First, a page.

Most analysts expect the nominal GDP to grow at 15% or thereabouts in FY22; going by historical pattern, it is possible that the tax revenue will grow at the same rate (buoyancy 1) or even up to five percentage points higher.
In order to ease litigation for small & medium taxpayers(with income up to Rs 50 lakh), a dispute resolution committee is proposed to be formed.
After two years of unusual negative growth, the Centre’s gross tax receipts will likely jump and register a smart growth of 15% or higher in FY22, giving the much-needed cushion to the government to continue to stimulate the recovering economy with fiscal expenditure. That in years when the GDP growth was sharper than the previous ones, the tax buoyancy usually improved – meaning tax revenue grew faster than the rate at which the economy expanded – gives credence to the assumption.
Most analysts expect the nominal GDP to grow at 15% or thereabouts in FY22; going by historical pattern, it is possible that the tax revenue will grow at the same rate (buoyancy 1) or even up to five percentage points higher. That probably means the sharpest annual growth in tax revenue since FY11, when it was a robust 27%.
Samiran Chakraborty, chief India economist at Citi Group, said given the unprecedented Covid-induced downturn in FY21, a better way to look at FY22 tax growth is to compare it with the FY20 level. The tax revenue growth in FY22 over FY20 could be about 10% and the nominal GDP growth could also be of almost an equivalent proportion. Moreover, if the excise duties on fuels are excluded, the tax-to-GDP ratio in FY22 will still be lower than the pre-crisis level. “Our equity strategists are looking at an EPS growth of 35% in FY22. Against that, about 25% corporate tax growth (year-on-year) next fiscal doesn’t seem to be out of place,” he said.
Sajjid Chinoy, chief India economist at JP Morgan, also said given the current circumstances, more than buoyancy, a better way would be to look at the tax-to-GDP ratio. “If I adjust for excise duties (hikes in rates on fuels) and the corporate tax cuts, over the last two years, gross tax-to-GDP ratio has fallen by over 1.5 percentage points because of the downturn,” he said.
“When you get an upturn (in FY22), you are going to recover some – we are building in 0.8% of GDP. That translates into a 27% growth ex-excise. So, don’t be surprised at all if, given the depressed base, on a nominal GDP growth of 15%, you might get a 27-28% rise in gross taxes in FY22,” Chinoy added.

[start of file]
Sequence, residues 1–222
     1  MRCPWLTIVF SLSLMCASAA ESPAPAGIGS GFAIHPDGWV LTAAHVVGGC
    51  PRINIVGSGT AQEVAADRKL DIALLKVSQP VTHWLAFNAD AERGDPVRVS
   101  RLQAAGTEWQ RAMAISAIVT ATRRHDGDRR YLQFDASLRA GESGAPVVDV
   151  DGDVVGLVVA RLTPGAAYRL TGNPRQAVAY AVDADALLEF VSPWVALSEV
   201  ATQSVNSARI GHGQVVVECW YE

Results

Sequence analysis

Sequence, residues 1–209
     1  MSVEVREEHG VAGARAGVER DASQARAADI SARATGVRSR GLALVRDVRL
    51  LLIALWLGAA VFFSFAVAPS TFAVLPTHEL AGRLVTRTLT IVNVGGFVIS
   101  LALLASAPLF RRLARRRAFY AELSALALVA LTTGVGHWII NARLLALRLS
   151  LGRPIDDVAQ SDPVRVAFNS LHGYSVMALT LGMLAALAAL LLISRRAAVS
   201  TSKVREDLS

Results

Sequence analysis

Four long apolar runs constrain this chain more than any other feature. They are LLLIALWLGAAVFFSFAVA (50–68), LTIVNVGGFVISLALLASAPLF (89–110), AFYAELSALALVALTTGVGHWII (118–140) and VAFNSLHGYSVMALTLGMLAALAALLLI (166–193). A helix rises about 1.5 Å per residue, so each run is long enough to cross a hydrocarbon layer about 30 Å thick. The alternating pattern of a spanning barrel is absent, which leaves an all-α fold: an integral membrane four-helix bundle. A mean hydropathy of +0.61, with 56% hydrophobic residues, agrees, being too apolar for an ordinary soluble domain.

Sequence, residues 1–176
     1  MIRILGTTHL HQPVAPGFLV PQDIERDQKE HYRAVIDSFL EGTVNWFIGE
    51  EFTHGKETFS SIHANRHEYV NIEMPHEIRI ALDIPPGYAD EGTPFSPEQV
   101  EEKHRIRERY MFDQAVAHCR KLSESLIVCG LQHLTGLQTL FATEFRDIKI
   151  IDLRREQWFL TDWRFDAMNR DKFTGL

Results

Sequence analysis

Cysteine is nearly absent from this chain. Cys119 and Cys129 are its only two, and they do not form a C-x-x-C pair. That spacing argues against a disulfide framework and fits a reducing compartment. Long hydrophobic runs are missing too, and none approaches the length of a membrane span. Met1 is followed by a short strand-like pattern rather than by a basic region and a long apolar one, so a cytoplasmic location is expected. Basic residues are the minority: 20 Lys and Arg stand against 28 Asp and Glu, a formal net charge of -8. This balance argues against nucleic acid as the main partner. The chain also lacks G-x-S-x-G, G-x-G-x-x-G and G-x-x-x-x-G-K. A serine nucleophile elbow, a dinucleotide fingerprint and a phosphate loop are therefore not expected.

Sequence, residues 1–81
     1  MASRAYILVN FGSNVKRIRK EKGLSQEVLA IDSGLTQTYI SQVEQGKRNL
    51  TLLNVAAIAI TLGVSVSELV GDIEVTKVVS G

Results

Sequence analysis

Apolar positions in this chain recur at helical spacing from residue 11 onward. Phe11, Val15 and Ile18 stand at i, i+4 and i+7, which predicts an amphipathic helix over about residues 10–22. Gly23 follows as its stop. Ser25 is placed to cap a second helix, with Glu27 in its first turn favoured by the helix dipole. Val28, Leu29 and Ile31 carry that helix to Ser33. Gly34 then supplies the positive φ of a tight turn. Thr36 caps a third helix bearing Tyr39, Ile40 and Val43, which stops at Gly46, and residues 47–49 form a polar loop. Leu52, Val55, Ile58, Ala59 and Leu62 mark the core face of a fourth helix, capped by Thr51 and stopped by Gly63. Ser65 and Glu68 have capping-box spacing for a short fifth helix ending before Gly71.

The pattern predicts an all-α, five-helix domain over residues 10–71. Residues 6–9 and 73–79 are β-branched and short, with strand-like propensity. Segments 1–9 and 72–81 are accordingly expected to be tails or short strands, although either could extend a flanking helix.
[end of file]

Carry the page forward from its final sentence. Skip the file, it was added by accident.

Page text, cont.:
Tax revenue being highly elastic to GDP growth is a proven notion, which is belied only when the substantial cuts in tax rates are undertaken. A case in point are the years 2008-09 and 2009-10, when taxes were slashed as part of the stimulus package, announced to counter the effects of global financial meltdown.
What also increases the chances of a tax buoyancy greater than 1 in FY22 is augmented ‘tax effort’, meaning a crack down on evasion via increased use of sophisticated data analytics. The GST data base is increasingly facilitating efficient detection of evasion of even income taxes by firms and individuals.
Also, enabled by the hefty hikes in the assorted excise rates on auto fuels from October 2019 through May 2020 – the cumulative tax rate on diesel in FY21 was more than double the level in FY20 –, the Centre could net a tidy sum of Rs 1.2 lakh crore or more in FY22 over FY20 level as additional gross revenue from auto fuel taxes. The Centre’s revenue from taxes on petrol and diesel, before devolution to states, surged 40% to Rs 1.31 lakh crore even in the pandemic-hit first half the year, which saw sales of the two auto fuels dip 24% on year.
Since a large part of the extra taxes on auto fuels are not shared with states, these imposts will benefit the Union budget in a more pronounced manner than taxes in the divisible pool.
It is unlikely that the finance minister will give out tax breaks, at a big cost to the exchequer in the coming Budget.
Demonetisation bolstered the direct tax assessee base and improved the tax’s buoyancy to a great degree in FY17 and FY18, but the slump in economic growth and a return to old, evasive habits by sections of taxpayers led to a sudden, precipitous erosion of these gains in FY19 and FY20. And the pandemic has dealt a body blow to the tax revenue in FY21 – an unprecedented rate of contraction is set ti be registered, even though it could be a bit narrower than (-)13% registered in April-November.
FY19, FY20 and FY21 are also proof that the tax revenue usually falls sharper than the rate at which economic growth declines. Of course, the decline in tax revenue witnessed in FY20 could also be attributed in good measure to the steep corporate tax cut.
An aspect to be noted is that the demonetisation’s positive impact was visible on personal income tax immediately, that is, in the year in which the measure was implemented, but it boosted the corporate tax assessee base and the corporate tax revenue mainly in the subsequent year. Direct tax buoyancy reached a temporary peak in 2018-19 and has since fallen; the buoyancy fell into an abyss in FY20 itself. Tax effort has helped a lot in FY21, in the absence of which, the revenues could have fallen even sharper in the year.
The Centre’s gross tax receipts fell from Rs 20.8 lakh crore in FY19 to Rs 20 lakh crore in FY20. Assuming a decline of 5%, the receipts in FY21 are seen at Rs 19 lakh crore. Finance secretary Ajay Bhushan Pandey is on record to state that the gross tax receipts this year will be “close to last year’s level”.